As a nation we're far too ironic to be seen to pride ourselves on anything much except, ironically, our capacity for irony. This we revel in to such an extent that we think we're the only people who have it.

As a nation we're far too ironic to be seen to pride ourselves on anything much except, ironically, our capacity for irony. This we revel in to such an extent that we think we're the only people who have it.

Americans are famously dismissed as possessing none at all, despite the damning evidence to the contrary: Seinfeld, Letterman, Heller, Frasier, Parker, Wilder, South Park and so on. But is it irony? Or is it cynicism that now plays the same role as Victorian reserve once did in masking the true emotions we find it so uncomfortable to express? You'd be amazed what this week's campaigns tell us about ourselves.

Our confused attitude to sex is exemplified by the Pretty Polly ads.

While there's a single red corpuscle still chasing through your veins it would be hard to dislike the pictures - beautiful young women in scraps of underwear playing with themselves - and the men and women of WCRS generally approved. Nice endline, too: 'The touchy feely undie.' Then you realise that the grubby fingerprints pawing at the page are part of the ad. Why? It's as if we can't just have sex, we have to have it accompanied by a Sid James cackle to show we don't really mean it.

Even eating sweets isn't the simple, joyous experience it used to be. In the Mars Celebrations ad we see a vindictive mum sending her children and their friends to scour the garden for the chocolates she's hidden. Only she hasn't bothered. She's going to scoff the lot with the other parents while the kids starve. It's nicely cast and directed but, even in this Golden Age of Cynicism, is it really a convincing premise?

The only thing ironic about the Bisodol ads, which regurgitate and rearrange a couple of lunches for our delectation, is that they're more likely to induce nausea than prevent it.

Which rising bile brings us nicely to the vexed modern issue of celebrity.

Two of these campaigns invest heavily in the risible D-list of fame. Not because they couldn't afford someone big and famous, but because we don't like admitting that we're in thrall to such people. Hence the whole industry that has sprung up around being a twat. The more repellent and idiotic you are, the more likely you are to be rehabilitated and chuckled at.

How else do you explain the continued media existence of Michael Winner, Tony Blackburn, Vanessa Feltz or Edwina Currie? So Woolworths' strong retail idea, 'You'll forget what you went in for', is tainted for Christmas by the inclusion of Messers Whiteley, Wisdom and McCaskill, who serve as reminders to the forgetful public. As they are all hanging menacingly in a Woolworths doorway, it could prove the most compelling reason yet devised to nip into Debenhams.

Even heavier treatment is meted out to the stars of Virgin Money's campaign.

Three demi-gods from the 80s, Buster Bloodvessel, David Van Day (of Dollar) and Geoffrey Hayes from Rainbow are shown having fallen from their vertiginous position in a nation's hearts into crap jobs. All because they didn't make the most of their money. Perfectly well done, just too caught up in ironic celebrity mock worship syndrome.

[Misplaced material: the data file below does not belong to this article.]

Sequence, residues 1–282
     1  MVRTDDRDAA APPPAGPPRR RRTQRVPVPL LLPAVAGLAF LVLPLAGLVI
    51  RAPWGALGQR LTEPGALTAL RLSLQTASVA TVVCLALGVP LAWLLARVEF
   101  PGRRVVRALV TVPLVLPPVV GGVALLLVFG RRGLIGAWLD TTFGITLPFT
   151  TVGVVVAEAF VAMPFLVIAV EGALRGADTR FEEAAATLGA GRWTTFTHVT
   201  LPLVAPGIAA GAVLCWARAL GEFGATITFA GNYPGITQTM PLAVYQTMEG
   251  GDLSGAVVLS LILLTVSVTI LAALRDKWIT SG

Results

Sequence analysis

And finally, a very American ad for Capital FM. Ditching anything cynical or understated, it shows the whole city nodding along to the soundtrack of their day, the local radio station. To make it even more gung-ho, DJs tell us: 'Whatever you're doing, it's your capital.' The fact that the capital in question isn't Austin, Texas, but London, England is, ironically I suppose, very ironic indeed.


Project: Touchy Feely Undie

Client: Sharon Harrison, managing director

Brief: Launch Pretty Polly''s seamless lingerie collection

Agency: TBWA/London

Writer: Alasdair Graham

Art director: Frazer Jellyman

Typographer: Richard Kennedy

Photographer: Willy Camden

Exposure: Cosmopolitan, Marie Claire


Project: Bisodol

Clients: Joanne Gray, brand manager

Brief: Promote Bisodol as a fast, effective solution to indigestion

problems caused by over-indulgence

Agency: Publicis

Writers: Paul Quarry, James Betts

Art director: Jamie Colonna

Photographer: Dave Gill

Typographers: Paul Beer, Paul Martin

Exposure: National press and posters


Project: Capital FM

Client: Susan Byrne, marketing manager

Brief: Launch new corporate identity and strapline

Agency: Mustoe Merriman Herring Levy

Writer: Rosie Elston

Art director: Mary Sue Lawrence

Director: Terence Marek

Production company: Garretts

Exposure: TV and cinema


Project: Woolworths Christmas brand campaign

Client: Ken Lewis, marketing director

Brief: Fuse the ''don''t forget'' campaign with a sense of warmth

associated with Woolworths at Christmas

Agency: Bates UK

Writer: Neil Pavitt

Art director: Andy Rott

Director: Martin Jones

Production co.: TTO2

Exposure: National and satellite TV


Project: Mars Celebrations

Clients: Graham Hunter, franchise brand manager, Vanessa Andrews, brand


Brief: Promote the sharing usage of Celebrations

Agency: Abbott Mead Vickers BBDO

Writer: Cameron Mitchell

Art director: Cameron Blackley

Director: David Hartley

Production co.: Brave Films

Exposure: National TV



Clients: Peter Ballard, managing director, Tom Wood, acquisition and CRM


Brief: Launch as the place to go to know your stuff

about money

Agency: Rainey Kelly Campbell Roalfe/Y&R

Writer: Brian Cooper

Art director: Jason Stewart

Director: Paul Gay

Production co.: Outsider

Exposure: National TV

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